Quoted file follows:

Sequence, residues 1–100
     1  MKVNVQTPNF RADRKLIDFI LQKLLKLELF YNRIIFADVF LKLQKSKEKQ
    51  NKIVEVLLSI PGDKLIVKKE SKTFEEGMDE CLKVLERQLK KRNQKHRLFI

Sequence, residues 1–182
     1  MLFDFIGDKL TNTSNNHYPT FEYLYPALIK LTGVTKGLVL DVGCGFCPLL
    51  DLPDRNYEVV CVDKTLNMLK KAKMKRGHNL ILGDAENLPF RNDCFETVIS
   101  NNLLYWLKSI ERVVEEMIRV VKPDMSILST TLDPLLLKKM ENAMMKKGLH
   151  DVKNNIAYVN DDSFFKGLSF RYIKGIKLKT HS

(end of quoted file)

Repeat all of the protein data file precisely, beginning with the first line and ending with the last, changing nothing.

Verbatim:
Sequence, residues 1–100
     1  MKVNVQTPNF RADRKLIDFI LQKLLKLELF YNRIIFADVF LKLQKSKEKQ
    51  NKIVEVLLSI PGDKLIVKKE SKTFEEGMDE CLKVLERQLK KRNQKHRLFI

Sequence, residues 1–182
     1  MLFDFIGDKL TNTSNNHYPT FEYLYPALIK LTGVTKGLVL DVGCGFCPLL
    51  DLPDRNYEVV CVDKTLNMLK KAKMKRGHNL ILGDAENLPF RNDCFETVIS
   101  NNLLYWLKSI ERVVEEMIRV VKPDMSILST TLDPLLLKKM ENAMMKKGLH
   151  DVKNNIAYVN DDSFFKGLSF RYIKGIKLKT HS